Standard Club: Regulation Update 2022/23

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The shipping industry is riding waves of regulatory change as sustainability has been at the forefront of decision-making of the International Maritime Organization (IMO).

The Standard Club provides an overview on some of the important IMO regulations that will enter into force in 2022 and 2023.

Regulations that came into force on 1 April 2022

Amendments to regulations 2, 14, 18, Appendix I and VI of MARPOL Annex VI – MEPC.324(75) – Fuel oil sampling and verification

To support consistent implementation and verification of the 0.50% sulphur limit, MARPOL Annex VI has been amended to introduce definitions distinguishing between ‘in-use’ and ‘on board’ fuel oil samples taken from a vessel.

To facilitate the need for taking ‘in-use’ samples, ships constructed before 1 April 2022 are required to designate or, if necessary, fit sampling points no later than the first IAPP renewal survey on or after 1 April 2023. For ships built on or after 1 April 2022, sampling points needs to be in place and designated upon delivery. These requirements are not applicable to a fuel oil service system for a low-flashpoint fuel, i.e., having a flashpoint less than 60oC.

Consequentially, Appendix I has been amended to update the International Air Pollution Prevention (IAPP) certificate to add a reference to sampling points and to note where there is an exemption to the provision for low-flashpoint fuel.

Appendix VI of MARPOL Annex VI has also been revised to simplify the verification procedure for ‘MARPOL delivered fuel oil sample’ and to add verification procedures for the ‘in-use’ and ‘on board’ samples. To avoid ships being unjustly fined for marginal excess in sulphur content beyond their control, 95% confidence will be allowed. This implies that when testing the ‘in-use’ and ‘on board’ samples, the acceptable sulphur limits are extended to 0.11% and 0.53% for 0.10% and 0.5% respectively.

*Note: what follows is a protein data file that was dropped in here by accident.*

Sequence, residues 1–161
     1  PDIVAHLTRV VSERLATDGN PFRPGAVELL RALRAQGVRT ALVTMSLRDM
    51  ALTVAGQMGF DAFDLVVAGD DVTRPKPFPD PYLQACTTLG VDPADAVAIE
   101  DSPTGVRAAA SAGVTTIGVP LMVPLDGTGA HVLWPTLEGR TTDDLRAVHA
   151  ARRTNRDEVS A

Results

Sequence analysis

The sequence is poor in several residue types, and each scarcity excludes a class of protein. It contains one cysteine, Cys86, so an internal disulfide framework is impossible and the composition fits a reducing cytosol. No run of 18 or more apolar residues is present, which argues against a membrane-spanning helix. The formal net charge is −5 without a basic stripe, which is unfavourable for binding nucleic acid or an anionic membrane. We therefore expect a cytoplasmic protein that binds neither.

For further details, please refer to the club’s article on ‘Guidelines for fuel oil sampling and designated sampling points’. Members are recommended to review their fuel oil sampling procedures to ensure that samples can be drawn safely from the ship’s fuel service system in compliance with these guidelines.

Amendments to regulations 20 and 21 of MARPOL Annex VI – MEPC.324(75) – Energy Efficiency Design Index (EEDI)

A new paragraph 3 under regulation 20 has been added, mandating reporting of the required and attained EEDI values and relevant information to the IMO.

Additionally, the Table 1 of regulation 21 on required EEDI has been replaced with a view to advance the starting date of EEDI Phase 3 from 1 January 2025 to 1 April 2022 for container ships, large gas carriers (>15,000 DWT), general cargo ships, LNG carriers and cruise passenger ships having non-conventional propulsion. A stepwise reduction requirement will apply to container ships, starting with a 30% reduction rate for small container vessels and increasing up to 50% for very large container ships.

The EEDI reference line for large bulk carriers (>279,000 DWT) will be constant, calculated based on 279,000 DWT, regardless of the actual DWT.

Members are recommended to take note of these requirements as there are a number of technical and operational measures that needs to be considered for the reduction of green-house gas (GHG) emissions.

Click HERE to read about the other IMO regulations to will come into force in 2022 and 2023.

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Source: The Standard Club 

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